Definition of parameter in English:


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  • 1 technical A numerical or other measurable factor forming one of a set that defines a system or sets the conditions of its operation.

    ‘the transmission will not let you downshift unless your speed is within the lower gear's parameters’
    • ‘The programming uses script files that contain specific system parameters to operate in each of these modes.’
    • ‘The set of code modules includes code modules associated with a plurality of system configuration parameters.’
    • ‘Now we need to optimize the system and improve its operation parameters and design.’
    • ‘The first circuit is configured to monitor an electrical operating parameter associated with operation of the CAN bus.’
    • ‘An operator can input the parameters that define the geometry of the valve seat profile.’
    instructions, stipulations, requirements, conditions, provisions, restrictions, provisos, guidelines, parameters, order
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    1. 1.1Mathematics A quantity whose value is selected for the particular circumstances and in relation to which other variable quantities may be expressed.
      ‘As gene diversity is a continuous variable, the expected value of the parameter was calculated using a sliding window of 0.0125.’
      • ‘Choosing different values for the various parameters in the equation he then tried to investigate when situations were stable and when they were unstable.’
      • ‘The real effort goes into testing these hypotheses and calculating the true values of parameters such as N.’
      • ‘On the other hand, keeping m and n fixed for a few trials leaves a lot of room to experiment with the third parameter even for small values of m and n.’
      • ‘The x-axis is the value of the selection parameter in the PRF model under which the data were simulated.’
    2. 1.2Statistics A numerical characteristic of a population, as distinct from a statistic of a sample.
      ‘Such a ‘rate’ can be modeled statistically by the probability parameter of a binomial distribution.’
      • ‘The spiral pattern is sufficiently regular that it leads to a numerical parameter characteristic for the species, called its divergence.’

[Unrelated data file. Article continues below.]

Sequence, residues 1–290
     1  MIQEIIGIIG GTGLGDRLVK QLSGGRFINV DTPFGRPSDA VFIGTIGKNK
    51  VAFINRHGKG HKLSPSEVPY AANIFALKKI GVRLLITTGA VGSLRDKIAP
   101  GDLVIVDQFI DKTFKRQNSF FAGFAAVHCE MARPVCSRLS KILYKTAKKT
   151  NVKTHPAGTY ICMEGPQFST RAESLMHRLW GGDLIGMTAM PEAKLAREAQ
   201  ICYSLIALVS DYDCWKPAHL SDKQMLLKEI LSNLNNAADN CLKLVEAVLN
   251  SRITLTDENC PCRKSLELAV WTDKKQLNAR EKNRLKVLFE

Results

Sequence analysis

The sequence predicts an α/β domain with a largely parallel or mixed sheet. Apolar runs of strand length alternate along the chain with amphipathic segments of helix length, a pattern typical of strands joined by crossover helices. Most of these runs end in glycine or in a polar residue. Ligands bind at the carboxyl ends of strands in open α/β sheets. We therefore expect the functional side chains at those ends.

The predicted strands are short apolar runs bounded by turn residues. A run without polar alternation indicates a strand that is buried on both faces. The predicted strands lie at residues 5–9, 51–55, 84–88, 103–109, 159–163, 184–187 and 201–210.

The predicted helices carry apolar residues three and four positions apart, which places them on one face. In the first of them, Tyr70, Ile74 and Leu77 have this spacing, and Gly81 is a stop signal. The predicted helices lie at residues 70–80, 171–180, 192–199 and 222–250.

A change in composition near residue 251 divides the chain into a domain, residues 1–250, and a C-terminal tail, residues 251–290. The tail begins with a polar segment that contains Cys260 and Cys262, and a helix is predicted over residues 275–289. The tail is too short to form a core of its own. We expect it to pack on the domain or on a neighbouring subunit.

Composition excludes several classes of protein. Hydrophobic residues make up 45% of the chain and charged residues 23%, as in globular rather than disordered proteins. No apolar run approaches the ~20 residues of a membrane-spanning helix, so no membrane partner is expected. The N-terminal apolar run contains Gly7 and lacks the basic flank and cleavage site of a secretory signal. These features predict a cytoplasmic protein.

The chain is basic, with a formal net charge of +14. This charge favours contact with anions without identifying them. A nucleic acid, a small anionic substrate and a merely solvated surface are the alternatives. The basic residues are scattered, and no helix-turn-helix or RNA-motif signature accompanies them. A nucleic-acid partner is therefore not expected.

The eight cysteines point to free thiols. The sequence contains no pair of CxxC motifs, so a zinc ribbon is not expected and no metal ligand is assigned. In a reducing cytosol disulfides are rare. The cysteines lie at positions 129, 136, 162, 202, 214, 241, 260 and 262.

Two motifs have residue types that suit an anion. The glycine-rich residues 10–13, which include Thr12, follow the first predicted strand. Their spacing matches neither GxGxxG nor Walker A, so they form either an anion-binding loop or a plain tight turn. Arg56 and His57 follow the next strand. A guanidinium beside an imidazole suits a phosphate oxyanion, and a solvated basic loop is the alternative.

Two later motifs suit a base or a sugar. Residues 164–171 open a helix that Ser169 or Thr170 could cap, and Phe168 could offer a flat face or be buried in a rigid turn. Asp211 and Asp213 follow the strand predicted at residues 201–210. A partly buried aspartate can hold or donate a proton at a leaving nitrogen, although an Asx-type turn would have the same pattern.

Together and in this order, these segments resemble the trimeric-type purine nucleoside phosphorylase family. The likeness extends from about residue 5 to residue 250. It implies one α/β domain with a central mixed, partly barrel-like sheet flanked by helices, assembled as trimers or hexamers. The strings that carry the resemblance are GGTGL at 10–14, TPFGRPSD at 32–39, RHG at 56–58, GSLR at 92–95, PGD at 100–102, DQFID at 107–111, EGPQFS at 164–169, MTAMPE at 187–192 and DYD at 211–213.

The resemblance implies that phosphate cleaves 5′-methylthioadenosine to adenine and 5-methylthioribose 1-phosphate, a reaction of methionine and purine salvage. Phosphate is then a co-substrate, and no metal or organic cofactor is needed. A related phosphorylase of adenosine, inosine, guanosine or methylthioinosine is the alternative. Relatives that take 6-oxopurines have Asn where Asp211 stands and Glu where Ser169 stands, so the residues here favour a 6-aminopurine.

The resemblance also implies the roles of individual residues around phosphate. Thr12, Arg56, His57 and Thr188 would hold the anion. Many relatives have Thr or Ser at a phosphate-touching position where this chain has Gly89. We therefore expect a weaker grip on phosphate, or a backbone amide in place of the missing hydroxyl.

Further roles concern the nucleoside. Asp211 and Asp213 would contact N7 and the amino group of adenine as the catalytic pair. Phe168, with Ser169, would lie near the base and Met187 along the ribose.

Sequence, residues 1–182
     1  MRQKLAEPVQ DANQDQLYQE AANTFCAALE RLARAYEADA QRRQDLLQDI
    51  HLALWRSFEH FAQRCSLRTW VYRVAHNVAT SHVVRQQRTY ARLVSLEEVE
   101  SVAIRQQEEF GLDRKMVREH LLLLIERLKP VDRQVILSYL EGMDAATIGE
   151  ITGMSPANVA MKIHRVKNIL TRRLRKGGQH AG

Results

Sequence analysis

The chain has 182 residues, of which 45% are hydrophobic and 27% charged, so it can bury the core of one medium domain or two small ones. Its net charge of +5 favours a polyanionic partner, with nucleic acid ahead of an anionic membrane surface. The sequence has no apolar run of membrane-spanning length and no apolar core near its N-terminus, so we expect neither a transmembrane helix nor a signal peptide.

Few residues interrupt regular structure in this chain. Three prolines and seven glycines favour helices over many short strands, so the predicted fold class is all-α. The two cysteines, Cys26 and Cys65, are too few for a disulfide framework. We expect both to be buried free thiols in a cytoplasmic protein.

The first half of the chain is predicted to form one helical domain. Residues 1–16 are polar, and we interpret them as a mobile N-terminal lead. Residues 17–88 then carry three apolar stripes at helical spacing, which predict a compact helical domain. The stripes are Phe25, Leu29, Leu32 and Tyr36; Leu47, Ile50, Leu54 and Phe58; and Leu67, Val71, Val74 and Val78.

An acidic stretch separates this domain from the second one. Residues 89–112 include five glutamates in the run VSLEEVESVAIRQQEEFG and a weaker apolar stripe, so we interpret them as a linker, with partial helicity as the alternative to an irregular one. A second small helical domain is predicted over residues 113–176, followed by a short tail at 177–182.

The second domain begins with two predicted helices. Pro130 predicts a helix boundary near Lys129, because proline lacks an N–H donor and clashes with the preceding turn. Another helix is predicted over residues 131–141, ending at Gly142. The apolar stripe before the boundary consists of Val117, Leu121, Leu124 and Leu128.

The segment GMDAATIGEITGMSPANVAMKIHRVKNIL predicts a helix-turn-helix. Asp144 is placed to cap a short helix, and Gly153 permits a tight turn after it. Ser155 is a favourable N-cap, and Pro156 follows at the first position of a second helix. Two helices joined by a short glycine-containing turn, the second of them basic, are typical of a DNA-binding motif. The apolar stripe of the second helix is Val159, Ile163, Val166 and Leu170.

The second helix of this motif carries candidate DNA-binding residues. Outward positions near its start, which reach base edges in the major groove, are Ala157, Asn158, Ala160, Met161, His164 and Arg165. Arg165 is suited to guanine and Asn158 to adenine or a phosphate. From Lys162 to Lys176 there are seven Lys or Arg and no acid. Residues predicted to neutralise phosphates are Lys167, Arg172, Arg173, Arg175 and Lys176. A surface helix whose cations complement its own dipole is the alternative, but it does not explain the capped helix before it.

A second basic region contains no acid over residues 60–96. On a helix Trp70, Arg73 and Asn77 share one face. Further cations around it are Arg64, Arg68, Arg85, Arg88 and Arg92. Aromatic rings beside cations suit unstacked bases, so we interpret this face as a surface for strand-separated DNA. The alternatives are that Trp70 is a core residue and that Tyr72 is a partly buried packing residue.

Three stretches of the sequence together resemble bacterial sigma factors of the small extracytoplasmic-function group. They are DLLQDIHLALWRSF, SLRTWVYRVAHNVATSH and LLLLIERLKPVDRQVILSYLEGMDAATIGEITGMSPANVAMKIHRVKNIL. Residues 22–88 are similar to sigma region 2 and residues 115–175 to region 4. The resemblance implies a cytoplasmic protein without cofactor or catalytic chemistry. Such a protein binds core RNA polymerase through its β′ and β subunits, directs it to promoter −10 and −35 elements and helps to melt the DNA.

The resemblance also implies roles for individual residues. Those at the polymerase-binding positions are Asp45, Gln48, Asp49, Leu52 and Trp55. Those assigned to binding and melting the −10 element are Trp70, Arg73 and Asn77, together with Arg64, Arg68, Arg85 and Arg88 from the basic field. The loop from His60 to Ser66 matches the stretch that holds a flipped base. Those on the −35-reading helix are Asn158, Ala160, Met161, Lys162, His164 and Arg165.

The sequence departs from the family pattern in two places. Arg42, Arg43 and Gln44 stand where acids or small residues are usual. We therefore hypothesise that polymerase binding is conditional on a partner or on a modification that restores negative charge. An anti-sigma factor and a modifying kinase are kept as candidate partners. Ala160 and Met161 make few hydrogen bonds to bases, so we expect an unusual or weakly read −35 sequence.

• ‘Typically, polymorphism in a sample is needed to perform those tests and estimate population parameters.’
      • ‘This will remind test users that the reliability coefficient in hand is not the population parameter and that the reliability estimate is affected by sampling error.’
      • ‘The normal curve approach to inference begins by asserting a null hypothesis that is expressed using population parameters.’
    3. 1.3(in general use) a limit or boundary that defines the scope of a particular process or activity.
      ‘they set the parameters of the debate’
      • ‘First, I do not accept the framework you outline above as limiting the parameters of our debate.’
      • ‘However, I can't get away from the fact that my guiding parameters are somewhat limited by my lack of motoring knowledge.’
      • ‘One of the main benefits of a home birth is the amount of control a mother can exercise over the location and parameters of the birthing process.’
      • ‘Such a voluntary approach is limited to the parameters the company sets for itself.’
      • ‘And so, media debate is restricted within tightly constrained parameters that serve capital, but not democracy.’
      framework, variable, limit, boundary, limiting factor, limitation, restriction, specification, criterion, guideline
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/pəˈramədər/ /pəˈræmədər/


Until recently, use of the word parameter was confined to mathematics and related technical fields. Since around the mid 20th century, however, it has been used in nontechnical fields as a technical-sounding word for ‘a limit or boundary,’ as in they set the parameters of the debate. This use, probably influenced by the word perimeter, has been criticized for being a weakening of the technical sense. Careful writers will leave parameter to specialists in mathematics, computer science, and other technical disciplines. As a loose synonym for limit, boundary, guideline, framework, it is a vogue word that blurs more than it clarifies. Perimeter is a different word, meaning ‘border, outer boundary, or the length of such a boundary.’


Mid 17th century modern Latin, from Greek para- ‘beside’ + metron ‘measure’.